"I look on Kirk as being one of our great heavies - every time he’s played that kind of thing he’s awfully good. And when he attempts to be too pleasant or show friendship, it doesn’t come off." - Howard Hawks on The Big Sky
The Big Sky (1952) Movie Trailer
The Big Sky - 1952 (Original Poster)
Released in the United States in August of 1952, “The Big Sky” was Howard Hawks’ first box office disappointment since 1938’s “Bringing Up Baby.” His remarkable string of hits included several comedies, dramas, action pictures, a biographical picture, a film noir, a musical, and a western.
Despite its lack of commercial success, “The Big Sky” remains a cherished stepchild in the Howard Hawks movie canon.
The lush black and white cinematography, filmed on location in Grand Teton National Park and Jackson Hole, Wyoming, invites you to linger in the world the director has created. You actually have no choice; Hawks takes his time telling this story. Those who admire this film, enjoy the extra breathing room. Others blame the relaxed pace for its failure to match the success of previous Hawks creations.
Like the river the characters follow on their quest to trade with the Blackfoot tribe, this movie seems to meander, zig, and zag, as it rolls toward its conclusion. Matching the pace of wilderness exploration in the 1830s is, however, both fitting and appropriate. While often classified as a western, “The Big Sky” is more of a river movie. Hawks even took the extra step of hiring men who had actually worked on the river to crew the vessel that takes the mixed crew of French and American adventurers upstream. This move not only aided in the efficiency of moving the balky watercraft but also gave those scenes an authentic feel.
Howard Hawks would later blame himself for the perceived failure of “The Big Sky.” In blunt terms he said, “It should have been a really good picture. It’s my fault.”
In some senses, he is right. The director and the producer are generally responsible for the major casting decisions in the movies they are making. Hawks filled both pair of shoes in the creation of “The Big Sky” and by ignoring his own well-honed instincts; he missed out on a golden opportunity to make a masterpiece.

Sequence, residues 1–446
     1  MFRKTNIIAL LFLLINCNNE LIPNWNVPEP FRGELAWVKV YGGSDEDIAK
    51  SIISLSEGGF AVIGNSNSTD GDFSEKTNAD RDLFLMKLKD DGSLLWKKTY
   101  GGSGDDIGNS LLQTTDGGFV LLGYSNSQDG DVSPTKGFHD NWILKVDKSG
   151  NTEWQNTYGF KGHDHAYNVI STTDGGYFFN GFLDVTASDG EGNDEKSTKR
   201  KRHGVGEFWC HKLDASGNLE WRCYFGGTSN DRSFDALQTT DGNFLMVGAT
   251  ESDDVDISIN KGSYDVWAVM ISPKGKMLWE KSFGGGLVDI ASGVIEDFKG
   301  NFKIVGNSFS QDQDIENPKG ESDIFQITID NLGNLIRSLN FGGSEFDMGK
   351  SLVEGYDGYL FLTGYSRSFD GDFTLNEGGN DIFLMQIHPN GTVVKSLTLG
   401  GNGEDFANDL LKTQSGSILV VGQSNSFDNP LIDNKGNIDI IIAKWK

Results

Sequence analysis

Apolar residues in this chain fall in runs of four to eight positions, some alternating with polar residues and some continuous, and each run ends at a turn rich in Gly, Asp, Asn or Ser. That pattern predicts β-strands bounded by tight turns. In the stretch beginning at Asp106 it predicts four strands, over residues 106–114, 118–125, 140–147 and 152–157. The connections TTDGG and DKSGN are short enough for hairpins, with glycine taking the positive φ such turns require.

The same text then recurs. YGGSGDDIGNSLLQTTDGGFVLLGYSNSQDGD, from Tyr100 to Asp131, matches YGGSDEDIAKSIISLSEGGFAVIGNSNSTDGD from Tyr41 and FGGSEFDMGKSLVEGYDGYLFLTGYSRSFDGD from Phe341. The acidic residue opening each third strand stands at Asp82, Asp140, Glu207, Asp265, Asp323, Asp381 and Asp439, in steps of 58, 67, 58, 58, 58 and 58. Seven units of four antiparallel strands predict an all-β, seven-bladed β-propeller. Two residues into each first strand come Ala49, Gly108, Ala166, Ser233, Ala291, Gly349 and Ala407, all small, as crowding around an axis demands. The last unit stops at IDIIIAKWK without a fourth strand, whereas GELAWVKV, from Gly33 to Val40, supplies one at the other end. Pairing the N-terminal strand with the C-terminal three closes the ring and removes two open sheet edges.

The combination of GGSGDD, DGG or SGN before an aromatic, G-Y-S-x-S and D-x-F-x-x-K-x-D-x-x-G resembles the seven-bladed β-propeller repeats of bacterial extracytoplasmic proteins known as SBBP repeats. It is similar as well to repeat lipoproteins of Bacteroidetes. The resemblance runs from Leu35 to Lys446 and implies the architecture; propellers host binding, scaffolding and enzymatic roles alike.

When he began thinking about making this movie, he considered casting Robert Mitchum and Marlon Brando in the lead roles. Howard Hughes had Mitchum under contract. The previous summer, he told Hawks he could hire the actor to play riverboat explorer Jim Deakins. When production time rolled around, Hughes reneged on that promise. Hawks would regret not fighting harder to get Mitchum or an actor of his stature to play this important role. He never developed a good relationship with Kirk Douglas and soon came to believe that Douglas was better off playing heavies and lacked the skill to portray friendship or warmth.
The Marlon Brando situation came down to bad judgment regarding the actor’s salary demand. Having just completed work on “A Streetcar Named Desire,” Brando demanded $125,000 to play the role of Boone Caudill, the leading character in the book. Hawks thought the price was too high and went on the cheap side by the inexperienced (and somewhat less talented) Dewey Martin for $6,325. To complete the casting quandary, Hawks ended up hiring the troublesome Kirk Douglas for the $125,000 it would have cost him to get Brando.
The one major casting decision that the director/producer got right on “The Big Sky” was hiring Arthur Hunnicutt to play Uncle Zeb Calloway. Hunnicutt was only forty but looked much older. He was able to make you believe that he had lived off the land and experienced the outrageous adventures of Uncle Zeb. Hunnicutt was nominated for a Best Supporting Actor Oscar for his work on “The Big Sky.”
Despite its reputation as one of the lesser Howard Hawks movies, “The Big Sky” still provides many rewards for viewers willing to accept its relaxed pace. It is a good movie but it still remains interesting to wonder what it could have been with Robert Mitchum and Marlon Brando in the lead roles.
Director: Howard Hawks
Producer: Howard Hawks Edward Lasker (Associate Producer)
Screenplay: Dudley Nichols A.B. Guthrie Jr. (novel "The Big Sky") Ray Buffum and DeVallon Scott (adaptation)
Music: Dimitri Tiomkin
Cinematography: Russell Harlan
Editor: Christian Nyby
Art Directors: Albert S. D'Agostino and Perry Ferguson
By following the life and art of Howard Hawks one can capture the true essence of the Golden Age of Hollywood, as if slipping on special lenses that suddenly pull away the grain and glare to reveal an unforgettable time of Movie Magic.